I’m going to admit an embarrassing personality trait here, so be gentle…I always choose to play as females in games. There, now it’s out in the open.
Since I can remember, age 4 or so, I always liked girls better. Cheetara was my first Thundercats toy, and I wanted to learn how to play guitar so I could impress Jem (note: playing for the girl dressed as Jem at ComicCon didn’t work like I hoped it would). So it makes sense that, in games, I make bad-ass female characters. I find strong, heroic women more engaging and interesting than generic male counterparts. I like falling in love with these characters and creating someone that appeals to me. Women are more complex and interesting, with more empathy and gravitas appearing in their stories than the common meat-head protagonist.
With that in mind, it should come as no surprise that, since the original Mass Effect, I’ve been saving the galaxy as Wren Shepard on the Xbox 360 and Illyria Shepard on the PS3. The construction of the story line in Mass Effect is such that, as a female, you get an entirely different experience, not just from the male counterpart, but from the typical story you find in female-led games. Most trade on the sexuality of the character rather than the substance. While the potential lesbian tryst in the first Mass Effect caused an uproar, the game made you develop feelings for your love interest in such an honest and brutal way that the potential rebuff during Mass Effect 2 actually hurt. Outside of Metroid, there have been no female characters that are driven solely on their accomplishments, and even Samus was hidden from us until the end. FemShep was a new breed, and it is hard to find anyone that wasn’t profoundly affected away by her epic swings through the galaxy.
Early in the Mass Effect 3 PR cycle, it was revealed that FemShep would be the focus of more attention. There would finally be a default FemShep that would make appearances in commercials, promotional material and even the collector’s edition game box. This overjoyed all of the stalwart FemShep players. Despite the superior quality of Jennifer Hale’s performance, few people played with a female Shepard, and it seemed that Bioware was going to try and encourage more people to discover her story.
While the sentiment was well received, there were a great many rumblings from the FemShep community on the look of the new cover model. With no real face to her, every player had a different vision. They played as the “real” Commander Shepard, and any abridgment would be hard to stomach. To their credit, Bioware tried to involve all of us by having a Mass Effect Beauty Contest, starting in July and ending a few days ago. Of the half-dozen choices, representing a wide array of looks, our winner is Shepard 5, a blond-haired, blue-eyed fashion model whose look is brand-new and has not been an option in any of the previous games. Instead of only representing a few players that had chosen a similar look, a character model that was not even possible to create in the first two games will represent FemShep from now on. This generic sorority girl is now the face of a beaten-down, resurrected military commander who has committed genocide (or prevented it), parlayed with Reapers and led squads victoriously into the face of certain extinction. Sadly, the new model looks more likely to lead a shopping excursion. Once again, the female lead has been reduced to her looks instead of representing the character painstakingly developed over two games.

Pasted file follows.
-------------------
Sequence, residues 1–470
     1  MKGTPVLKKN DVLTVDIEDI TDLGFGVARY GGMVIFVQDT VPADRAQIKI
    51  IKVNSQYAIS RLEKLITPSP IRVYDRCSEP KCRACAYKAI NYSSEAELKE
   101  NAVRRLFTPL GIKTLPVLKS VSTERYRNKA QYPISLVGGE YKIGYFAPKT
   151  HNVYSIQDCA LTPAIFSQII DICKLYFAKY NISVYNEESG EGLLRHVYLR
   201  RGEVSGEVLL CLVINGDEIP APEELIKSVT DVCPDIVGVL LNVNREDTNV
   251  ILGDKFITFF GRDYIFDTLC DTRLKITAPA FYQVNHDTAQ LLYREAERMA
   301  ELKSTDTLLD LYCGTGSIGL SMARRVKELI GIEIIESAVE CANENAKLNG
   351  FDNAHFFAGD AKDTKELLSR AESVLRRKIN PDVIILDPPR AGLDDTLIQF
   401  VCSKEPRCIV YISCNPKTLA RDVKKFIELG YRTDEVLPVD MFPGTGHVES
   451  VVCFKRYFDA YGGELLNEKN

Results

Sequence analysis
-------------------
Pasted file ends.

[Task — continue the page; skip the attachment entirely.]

The early tallies saw an explosion of controversy from players, journalists and bloggers. PCGamer editor Kim Richards posted her take in July on the apparent outcome of the vote. “Death to the Blonde Shepard” implored readers to vote for the model that would represent who Shepard is instead of voting on her level of attraction. Sadly, Kim’s attempt to make herself a sexual object at the beginning of her article by hinting at her Catholic School girl liaisons invalidates a large portion of her argument, and strikes a blow to legitimate female editors in the gaming community who are trying to be recognized for their ability, not their tits. However, her attempt to shift the vote to a character model that was more in line with the Shepard we’ve seen over the years invigorated fans as well as writers, many of whom joined in on the attempt to save FemShep. In the end, Shepard 5 won by almost 20,000 votes, gathering more than twice the number of the runner-up.
The way the vote turned out has been placed squarely on the shoulders of male gamers, the 80% that play the game and choose the male Shepard. Perhaps some of them will now try out FemShep, but why would they not just import the male character they have been playing? Why would someone jump into the third iteration with a character we have never seen before? If they decided to go back to the first two games, they can’t play the FemShep from Mass Effect 3, she doesn’t exist. It seems like our beloved Commander is being tossed into the scrap heap for this pretty young upstart, letting us know that the hard work and love we put into our FemShep characters wasn’t worthwhile to the general audience. Apparently the public needed a pretty face to motivate them to play as a female. The story isn’t important or relevant if there isn’t a hot blonde tacked onto the cover. This vote helps to solidify the idea that games are male dominated and sold through sex and violence. Whether that is a fair assessment, and I like to hope it isn’t, doesn’t really matter. Just like the contest for FemShep, it’s appearance that matters, and gamers just gave themselves another black eye.